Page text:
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Two Pages A Day

I’ve been stressing about getting some edits done. Editing is not my favorite thing. I like the writing part. When I first began my writing career, I was so inspired by Diana Gabaldon that I emailed her and asked her about her process. The conversation went something like this:

Me: So how do you edit your story without eviscerating the characters, losing the love for the story while you pay attention to all the technical parts of the words, of the craft?
DG: O.M.G. I LOVE the editing process. That’s how I polish it up, reveal the real jewels of the story, find the buried treasure. That’s where my story comes to life.
Me: So, how many pages do you write a day? What’s your schedule?
DG: I get up to fix breakfast for my husband and then go back to bed, or answer some work-related items, get up again around 11 and write until mid afternoon. Then family activities, shopping, getting ready for dinner. I have dinner with my husband and after everyone is in bed and asleep, I go back to writing until 2-3 AM. Then I go to bed. I’m lucky to get 1500 words a day in.
Ahem. Clearly, I am no Diana Gabaldon. Now, she may have changed her schedule a bit since that little email some years back, but it became clear to me the two of us approach things in completely different ways. I can write 5,000 words in a day, and have done it many times. I’ve written 92,000 words in 30 days and 50,000 words in a month many times. She writes slow and loves to edit. Hmmm. And she sold how many books?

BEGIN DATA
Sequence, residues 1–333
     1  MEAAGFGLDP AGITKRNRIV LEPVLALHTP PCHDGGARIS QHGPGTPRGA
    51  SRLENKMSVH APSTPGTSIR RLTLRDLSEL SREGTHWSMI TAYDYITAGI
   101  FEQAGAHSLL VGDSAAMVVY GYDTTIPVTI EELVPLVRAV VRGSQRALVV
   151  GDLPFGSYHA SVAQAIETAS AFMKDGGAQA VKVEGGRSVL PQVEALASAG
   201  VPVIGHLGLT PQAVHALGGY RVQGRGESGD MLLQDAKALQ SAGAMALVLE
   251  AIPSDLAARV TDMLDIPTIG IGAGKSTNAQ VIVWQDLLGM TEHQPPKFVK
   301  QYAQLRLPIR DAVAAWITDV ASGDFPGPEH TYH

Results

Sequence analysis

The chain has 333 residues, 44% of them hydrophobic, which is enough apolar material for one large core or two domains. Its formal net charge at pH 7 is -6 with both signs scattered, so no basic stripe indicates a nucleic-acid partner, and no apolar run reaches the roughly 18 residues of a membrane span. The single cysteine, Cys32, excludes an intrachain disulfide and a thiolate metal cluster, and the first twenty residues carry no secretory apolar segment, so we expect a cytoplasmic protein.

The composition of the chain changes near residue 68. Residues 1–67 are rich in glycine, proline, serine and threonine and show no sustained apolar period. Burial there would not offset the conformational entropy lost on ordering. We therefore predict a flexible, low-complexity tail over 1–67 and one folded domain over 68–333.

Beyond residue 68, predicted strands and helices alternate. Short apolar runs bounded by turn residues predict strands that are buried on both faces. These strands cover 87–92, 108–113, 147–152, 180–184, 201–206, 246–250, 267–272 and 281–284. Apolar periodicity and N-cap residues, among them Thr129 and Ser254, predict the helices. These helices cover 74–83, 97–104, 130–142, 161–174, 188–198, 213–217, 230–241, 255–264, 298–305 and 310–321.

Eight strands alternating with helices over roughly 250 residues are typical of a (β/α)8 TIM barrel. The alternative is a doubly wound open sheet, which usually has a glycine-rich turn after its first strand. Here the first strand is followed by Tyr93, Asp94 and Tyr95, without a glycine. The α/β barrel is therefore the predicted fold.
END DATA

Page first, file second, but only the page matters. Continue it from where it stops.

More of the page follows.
I had the opportunity to attend a weekend workshop with Margie Lawson at Asilomar on the beautiful Monterey Coast this weekend. I asked her where to begin applying all her lessons to my WIP. By the end of the weekend, it was beginning to look like a piece of stinky laundry. I told her that the thought of going into deep edits clearly with six different highlighters gave me a visceral reaction sending my blood pooling around my ankles like pudding. That was a pink, for those of you in the know.
She said to start with the dialogue, blue. Then do the emotional/visceral reations, pink. But to do one at a time. While doing the blue, you could recognize the dialogue descriptors and plump them up, then look at the pink and look at the appropriate power words…and then….and then… In other words, do them one at a time. Print out the assignments one at a time.